To get out of this crisis we have to break from old orthodoxies. We need to invest in dynamic public services and, as part of that, the wealth of the richest people can no longer be left untaxed. When even millionaires recognise that wealth taxes are needed, and speak out publicly, it makes clear how broad is the movement for a more just and balanced economy, and that the moment is now.
Professor, Nelson Mandela School at University of Cape Town, and former Executive Secretary of the United Nations Economic Commission for Africa

Diego Sánchez-Ancochea

Inequality is one of the challenges of our time. Case after case shows extreme inequality hurts economies, weakens democracies and destabilizes societies. Millionaires for Humanity’s commitment to more just societies, and its call for a new wealth tax is showing us all how to get away from the spiral of inequality and insecurity, and move towards solidarity, justice, shared prosperity and a new world. In the post-COVID world, their agenda is more important than ever.
Head of the Department for International Development at Oxford University

Gabriel Zucman

We need a new tax – a progressive wealth tax – to strengthen the social contract and to reduce rampant inequality. Campaigns like Millionaires for Humanity are key to enabling this change.
Professor of Economics at the University of California, Berkeley, and Director of the EU Tax Observatory.

Helen Clark

For the world to meet the Sustainable Development Goals, we’ll need quality universal services and fair taxation. This will require a greater contribution from the people who have prospered the most. It’s a powerful message when even some of the wealthiest people are speaking out, supporting the call for people like them to pay more.
Former Prime Minister of New Zealand and United Nations Development Programme Administrator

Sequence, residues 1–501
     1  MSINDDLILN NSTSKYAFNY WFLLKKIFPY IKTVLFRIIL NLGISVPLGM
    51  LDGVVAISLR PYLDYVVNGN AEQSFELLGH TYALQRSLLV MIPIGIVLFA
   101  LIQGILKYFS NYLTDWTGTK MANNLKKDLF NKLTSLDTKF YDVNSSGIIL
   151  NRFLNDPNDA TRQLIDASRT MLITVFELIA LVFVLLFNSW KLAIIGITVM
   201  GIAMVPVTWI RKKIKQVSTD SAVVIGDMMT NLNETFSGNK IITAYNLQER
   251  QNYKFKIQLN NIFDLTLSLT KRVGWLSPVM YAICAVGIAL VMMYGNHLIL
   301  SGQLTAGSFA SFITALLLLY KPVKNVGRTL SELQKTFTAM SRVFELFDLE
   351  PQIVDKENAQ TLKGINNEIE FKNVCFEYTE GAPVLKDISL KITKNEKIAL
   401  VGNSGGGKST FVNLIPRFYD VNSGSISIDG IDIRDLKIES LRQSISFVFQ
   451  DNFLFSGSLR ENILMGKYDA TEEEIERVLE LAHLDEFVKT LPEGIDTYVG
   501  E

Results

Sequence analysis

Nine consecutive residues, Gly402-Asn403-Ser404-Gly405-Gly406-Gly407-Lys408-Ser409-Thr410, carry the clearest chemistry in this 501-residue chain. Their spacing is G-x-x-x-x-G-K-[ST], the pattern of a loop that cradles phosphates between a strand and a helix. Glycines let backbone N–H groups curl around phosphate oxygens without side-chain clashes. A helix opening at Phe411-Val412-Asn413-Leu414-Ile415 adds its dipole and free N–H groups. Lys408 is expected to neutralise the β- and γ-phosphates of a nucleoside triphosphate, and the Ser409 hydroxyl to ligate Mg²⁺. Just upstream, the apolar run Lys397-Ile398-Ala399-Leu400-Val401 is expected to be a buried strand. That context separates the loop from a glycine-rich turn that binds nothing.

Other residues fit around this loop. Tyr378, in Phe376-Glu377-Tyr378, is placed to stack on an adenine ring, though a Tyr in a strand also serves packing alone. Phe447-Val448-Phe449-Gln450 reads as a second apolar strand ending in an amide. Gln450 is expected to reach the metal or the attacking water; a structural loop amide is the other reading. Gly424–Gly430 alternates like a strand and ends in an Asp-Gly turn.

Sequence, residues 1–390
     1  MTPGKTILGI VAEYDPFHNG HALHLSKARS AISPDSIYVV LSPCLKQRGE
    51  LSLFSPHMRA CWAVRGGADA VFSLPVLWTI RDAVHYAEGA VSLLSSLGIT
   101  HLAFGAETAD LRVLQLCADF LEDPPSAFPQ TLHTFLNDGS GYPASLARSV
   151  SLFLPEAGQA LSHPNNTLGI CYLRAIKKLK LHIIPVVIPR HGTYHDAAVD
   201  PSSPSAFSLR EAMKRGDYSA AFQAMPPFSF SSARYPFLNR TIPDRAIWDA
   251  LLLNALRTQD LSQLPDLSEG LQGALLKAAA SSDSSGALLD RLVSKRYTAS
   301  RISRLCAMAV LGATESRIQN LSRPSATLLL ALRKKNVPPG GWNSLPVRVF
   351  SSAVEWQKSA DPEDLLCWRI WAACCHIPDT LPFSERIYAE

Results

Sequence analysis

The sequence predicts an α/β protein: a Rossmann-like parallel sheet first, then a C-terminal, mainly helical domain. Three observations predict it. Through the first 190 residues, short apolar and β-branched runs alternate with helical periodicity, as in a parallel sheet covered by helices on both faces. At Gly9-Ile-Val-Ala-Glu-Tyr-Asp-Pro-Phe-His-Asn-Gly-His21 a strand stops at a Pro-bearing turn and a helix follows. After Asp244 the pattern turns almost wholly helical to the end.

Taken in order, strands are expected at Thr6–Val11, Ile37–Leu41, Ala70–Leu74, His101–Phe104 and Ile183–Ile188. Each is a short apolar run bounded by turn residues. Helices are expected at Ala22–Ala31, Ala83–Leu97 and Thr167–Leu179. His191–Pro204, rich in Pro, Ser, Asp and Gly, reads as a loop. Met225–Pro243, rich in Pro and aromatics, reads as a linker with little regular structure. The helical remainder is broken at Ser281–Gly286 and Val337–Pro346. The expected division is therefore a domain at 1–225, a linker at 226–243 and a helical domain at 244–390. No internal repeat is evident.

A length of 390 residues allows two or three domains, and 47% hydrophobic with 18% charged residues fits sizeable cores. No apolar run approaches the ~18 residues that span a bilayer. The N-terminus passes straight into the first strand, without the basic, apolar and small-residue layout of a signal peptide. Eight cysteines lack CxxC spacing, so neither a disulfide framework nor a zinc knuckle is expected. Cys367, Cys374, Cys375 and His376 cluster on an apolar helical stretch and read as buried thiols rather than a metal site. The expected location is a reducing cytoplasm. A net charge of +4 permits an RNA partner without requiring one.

Mogens Lykketoft

We rarely hear people among those with the highest incomes and fortunes request to be allowed to pay more taxes for the common good. But that is what Millionaires for Humanity is all about. It is an appeal for compassion and solidarity. This is why Millionaires for Humanity is such an extremely important initiative.
President of the United Nations General Assembly (2015-2016)

Amanda Khozi Mukwashi

As all the great faith traditions remind us we cannot separate economic issues from ethical ones. We cannot accept extreme poverty in a world of great wealth. To rebuild from our interconnected crises, we will need the rich to contribute more – not only in giving but in tax. Millionaires speaking out in support of taxing people like them can help leaders understand that tax justice is a cause for all.
UN Resident Coordinator in Lesotho and former Chief Executive of Christian Aid

António Guterres

We are seeing some of the richest men [and women] in the world saying that they are not paying enough taxes – that it is totally unfair. So, some rich people are understanding that this is becoming dangerous for everyone. That inequality brings instability, which is dangerous to everyone
Secretary-General of the United Nations

Who we are

Millionaires for Humanity is a collaboration of high-net-worth individuals committed to going beyond philanthropy. We advocate the systemic change needed to meet the Sustainable Development Goals.  We are based across the world. 

Our work is guided by an advisory board of international experts. Our secretariat is hosted by Human Act, a foundation based in Copenhagen and registered under Danish law.

Find out more about Human Act, here

Meet the Millionaires for Humanity here

Meet the founder of Millionaires for Humanity here

See the Millionaires for Humanity brief

Article database about wealth taxes from around the world brief